Source: China State Council Information Office
The United States is starting Section 301 investigations into digital services taxes considered by 10 U.S. trading partners, including the European Union (EU), Brazil and India, the Office of the U.S. Trade Representative (USTR) announced on Tuesday.
“President (Donald) Trump is concerned that many of our trading partners are adopting tax schemes designed to unfairly target our companies,” USTR Robert Lighthizer said in a statement. “We are prepared to take all appropriate action to defend our businesses and workers against any such discrimination.”
The probe announced Tuesday encompasses digital services taxes that have been adopted or are under consideration by Austria, Brazil, the Czech Republic, the EU, India, Indonesia, Italy, Spain, Turkey, and the United Kingdom, according to a draft Federal Register notice.
In light of the uncertainties arising from COVID-19 restrictions, “USTR is not at this time scheduling a public hearing in these investigations,” the USTR’s Office said.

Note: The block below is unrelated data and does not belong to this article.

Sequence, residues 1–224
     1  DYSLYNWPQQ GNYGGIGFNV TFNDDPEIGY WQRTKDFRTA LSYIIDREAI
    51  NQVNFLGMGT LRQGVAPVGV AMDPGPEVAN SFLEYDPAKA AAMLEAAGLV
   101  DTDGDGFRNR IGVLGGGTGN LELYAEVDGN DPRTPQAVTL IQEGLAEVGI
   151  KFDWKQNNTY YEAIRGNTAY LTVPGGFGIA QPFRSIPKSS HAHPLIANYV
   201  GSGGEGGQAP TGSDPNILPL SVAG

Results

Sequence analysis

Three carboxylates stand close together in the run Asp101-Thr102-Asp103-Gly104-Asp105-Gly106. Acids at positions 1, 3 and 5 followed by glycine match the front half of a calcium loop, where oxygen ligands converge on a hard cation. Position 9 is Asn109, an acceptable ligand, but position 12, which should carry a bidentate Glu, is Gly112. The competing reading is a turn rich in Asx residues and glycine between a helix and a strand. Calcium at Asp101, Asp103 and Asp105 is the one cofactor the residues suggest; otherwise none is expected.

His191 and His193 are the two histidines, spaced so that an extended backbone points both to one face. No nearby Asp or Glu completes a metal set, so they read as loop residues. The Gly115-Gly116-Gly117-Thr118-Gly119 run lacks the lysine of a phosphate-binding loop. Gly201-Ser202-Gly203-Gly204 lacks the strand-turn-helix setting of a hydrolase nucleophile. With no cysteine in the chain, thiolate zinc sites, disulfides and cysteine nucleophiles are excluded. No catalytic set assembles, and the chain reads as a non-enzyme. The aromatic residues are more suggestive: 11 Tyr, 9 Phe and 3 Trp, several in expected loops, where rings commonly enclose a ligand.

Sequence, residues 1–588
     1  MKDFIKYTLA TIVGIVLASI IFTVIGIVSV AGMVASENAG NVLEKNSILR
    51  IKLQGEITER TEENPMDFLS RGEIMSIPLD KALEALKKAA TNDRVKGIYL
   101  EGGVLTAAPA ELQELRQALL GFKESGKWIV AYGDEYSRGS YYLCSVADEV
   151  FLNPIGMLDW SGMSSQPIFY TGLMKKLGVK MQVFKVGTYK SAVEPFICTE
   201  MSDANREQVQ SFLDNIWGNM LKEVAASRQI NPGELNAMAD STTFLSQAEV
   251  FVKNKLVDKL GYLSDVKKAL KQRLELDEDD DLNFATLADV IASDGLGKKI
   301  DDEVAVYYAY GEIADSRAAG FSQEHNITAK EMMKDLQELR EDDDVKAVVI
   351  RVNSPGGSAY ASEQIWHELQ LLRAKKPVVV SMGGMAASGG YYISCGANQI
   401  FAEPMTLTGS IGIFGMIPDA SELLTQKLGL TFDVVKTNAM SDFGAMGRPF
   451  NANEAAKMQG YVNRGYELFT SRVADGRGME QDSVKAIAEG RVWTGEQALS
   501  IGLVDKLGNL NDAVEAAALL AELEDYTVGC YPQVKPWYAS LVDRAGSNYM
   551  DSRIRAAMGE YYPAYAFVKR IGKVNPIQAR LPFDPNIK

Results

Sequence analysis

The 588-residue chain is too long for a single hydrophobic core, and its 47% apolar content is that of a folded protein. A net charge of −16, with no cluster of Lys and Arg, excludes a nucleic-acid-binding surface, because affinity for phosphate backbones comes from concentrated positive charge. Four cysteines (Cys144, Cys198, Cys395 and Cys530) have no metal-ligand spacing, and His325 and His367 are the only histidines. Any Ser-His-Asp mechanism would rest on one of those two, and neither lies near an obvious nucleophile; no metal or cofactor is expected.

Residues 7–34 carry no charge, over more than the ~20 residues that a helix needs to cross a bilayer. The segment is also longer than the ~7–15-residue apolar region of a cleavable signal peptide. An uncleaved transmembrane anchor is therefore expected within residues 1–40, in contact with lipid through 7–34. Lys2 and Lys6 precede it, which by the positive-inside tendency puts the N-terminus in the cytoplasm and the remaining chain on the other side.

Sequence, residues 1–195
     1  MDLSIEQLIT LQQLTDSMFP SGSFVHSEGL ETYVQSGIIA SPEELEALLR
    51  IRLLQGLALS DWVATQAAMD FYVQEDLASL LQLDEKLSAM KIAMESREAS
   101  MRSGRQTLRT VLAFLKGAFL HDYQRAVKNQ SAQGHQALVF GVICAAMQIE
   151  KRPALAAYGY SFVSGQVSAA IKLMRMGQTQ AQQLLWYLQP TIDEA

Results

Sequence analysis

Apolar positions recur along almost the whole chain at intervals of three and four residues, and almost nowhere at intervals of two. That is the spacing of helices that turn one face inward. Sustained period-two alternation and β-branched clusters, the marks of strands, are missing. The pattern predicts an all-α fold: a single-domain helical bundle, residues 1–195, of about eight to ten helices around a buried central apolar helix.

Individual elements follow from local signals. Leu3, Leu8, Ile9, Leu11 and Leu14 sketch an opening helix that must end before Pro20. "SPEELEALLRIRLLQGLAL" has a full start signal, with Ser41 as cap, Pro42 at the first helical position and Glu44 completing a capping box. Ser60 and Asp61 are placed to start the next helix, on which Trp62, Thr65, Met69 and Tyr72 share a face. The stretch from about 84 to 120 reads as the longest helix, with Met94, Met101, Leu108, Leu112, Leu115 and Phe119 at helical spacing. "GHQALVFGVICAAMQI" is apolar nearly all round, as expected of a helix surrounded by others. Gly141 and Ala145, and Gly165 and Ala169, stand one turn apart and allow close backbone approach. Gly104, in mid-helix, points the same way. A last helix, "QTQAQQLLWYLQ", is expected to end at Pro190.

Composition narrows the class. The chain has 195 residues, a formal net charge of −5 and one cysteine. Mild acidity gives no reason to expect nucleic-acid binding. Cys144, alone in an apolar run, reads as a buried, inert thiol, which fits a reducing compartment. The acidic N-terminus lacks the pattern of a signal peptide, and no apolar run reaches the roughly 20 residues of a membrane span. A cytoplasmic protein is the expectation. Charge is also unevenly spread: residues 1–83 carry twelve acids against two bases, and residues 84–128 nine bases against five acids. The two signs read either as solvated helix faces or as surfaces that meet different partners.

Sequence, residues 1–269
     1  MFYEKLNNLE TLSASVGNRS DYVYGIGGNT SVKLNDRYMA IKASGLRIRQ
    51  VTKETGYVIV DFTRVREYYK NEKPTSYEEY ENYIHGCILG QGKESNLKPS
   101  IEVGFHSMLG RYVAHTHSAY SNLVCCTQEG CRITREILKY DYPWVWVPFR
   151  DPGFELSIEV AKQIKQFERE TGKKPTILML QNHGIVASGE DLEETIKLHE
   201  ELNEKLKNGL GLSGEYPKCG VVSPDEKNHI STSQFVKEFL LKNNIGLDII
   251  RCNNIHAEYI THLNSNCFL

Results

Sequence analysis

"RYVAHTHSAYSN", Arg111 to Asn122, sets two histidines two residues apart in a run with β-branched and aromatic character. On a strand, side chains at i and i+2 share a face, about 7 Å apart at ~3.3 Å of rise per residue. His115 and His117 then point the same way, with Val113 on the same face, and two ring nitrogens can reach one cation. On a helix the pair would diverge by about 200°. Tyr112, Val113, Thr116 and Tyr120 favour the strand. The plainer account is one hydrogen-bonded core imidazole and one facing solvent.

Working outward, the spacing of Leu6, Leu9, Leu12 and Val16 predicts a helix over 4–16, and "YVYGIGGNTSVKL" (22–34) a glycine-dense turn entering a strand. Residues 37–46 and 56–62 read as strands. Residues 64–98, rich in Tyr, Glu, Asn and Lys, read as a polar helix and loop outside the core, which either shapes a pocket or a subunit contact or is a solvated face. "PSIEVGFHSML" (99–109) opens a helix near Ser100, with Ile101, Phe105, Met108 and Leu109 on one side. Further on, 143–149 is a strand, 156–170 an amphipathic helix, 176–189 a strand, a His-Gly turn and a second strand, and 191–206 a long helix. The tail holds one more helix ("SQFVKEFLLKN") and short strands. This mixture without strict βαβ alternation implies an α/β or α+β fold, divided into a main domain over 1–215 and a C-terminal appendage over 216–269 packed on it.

The United States has launched and completed a Section 301 probe into France’s digital services tax regime but agreed to delay the imposition of tariffs on the country, as the two sides are negotiating a multilateral deal on international taxation at the Organization for Economic Cooperation and Development.
It remains to be seen if the digital tax dispute between the United States and other trading partners will intensify in the coming months.
The so-called Section 301, under an outdated U.S. trade law adopted in 1974, allows the U.S. president to unilaterally impose tariffs or other trade restrictions on foreign countries.
The global trading community has become increasingly concerned that the U.S. government’s frequent use of Section 301 would go against the World Trade Organization rules, undermine the multilateral trading system and disrupt the global supply chain.